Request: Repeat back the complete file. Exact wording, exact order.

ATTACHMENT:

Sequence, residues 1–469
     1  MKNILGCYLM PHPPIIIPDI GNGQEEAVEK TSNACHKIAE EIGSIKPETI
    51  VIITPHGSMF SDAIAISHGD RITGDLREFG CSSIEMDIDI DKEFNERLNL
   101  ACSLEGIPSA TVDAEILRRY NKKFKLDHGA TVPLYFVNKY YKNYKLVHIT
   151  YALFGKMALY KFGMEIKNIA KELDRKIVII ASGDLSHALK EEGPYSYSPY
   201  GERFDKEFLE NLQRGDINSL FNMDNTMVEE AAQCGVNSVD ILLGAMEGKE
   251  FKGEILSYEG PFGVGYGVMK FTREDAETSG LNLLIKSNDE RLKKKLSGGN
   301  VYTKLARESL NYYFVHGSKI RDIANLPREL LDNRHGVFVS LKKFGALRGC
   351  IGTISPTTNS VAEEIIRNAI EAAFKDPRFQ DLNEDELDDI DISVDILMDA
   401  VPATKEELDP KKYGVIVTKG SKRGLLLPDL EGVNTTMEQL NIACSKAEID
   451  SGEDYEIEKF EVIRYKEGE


Sequence, residues 1–469
     1  MKNILGCYLM PHPPIIIPDI GNGQEEAVEK TSNACHKIAE EIGSIKPETI
    51  VIITPHGSMF SDAIAISHGD RITGDLREFG CSSIEMDIDI DKEFNERLNL
   101  ACSLEGIPSA TVDAEILRRY NKKFKLDHGA TVPLYFVNKY YKNYKLVHIT
   151  YALFGKMALY KFGMEIKNIA KELDRKIVII ASGDLSHALK EEGPYSYSPY
   201  GERFDKEFLE NLQRGDINSL FNMDNTMVEE AAQCGVNSVD ILLGAMEGKE
   251  FKGEILSYEG PFGVGYGVMK FTREDAETSG LNLLIKSNDE RLKKKLSGGN
   301  VYTKLARESL NYYFVHGSKI RDIANLPREL LDNRHGVFVS LKKFGALRGC
   351  IGTISPTTNS VAEEIIRNAI EAAFKDPRFQ DLNEDELDDI DISVDILMDA
   401  VPATKEELDP KKYGVIVTKG SKRGLLLPDL EGVNTTMEQL NIACSKAEID
   451  SGEDYEIEKF EVIRYKEGE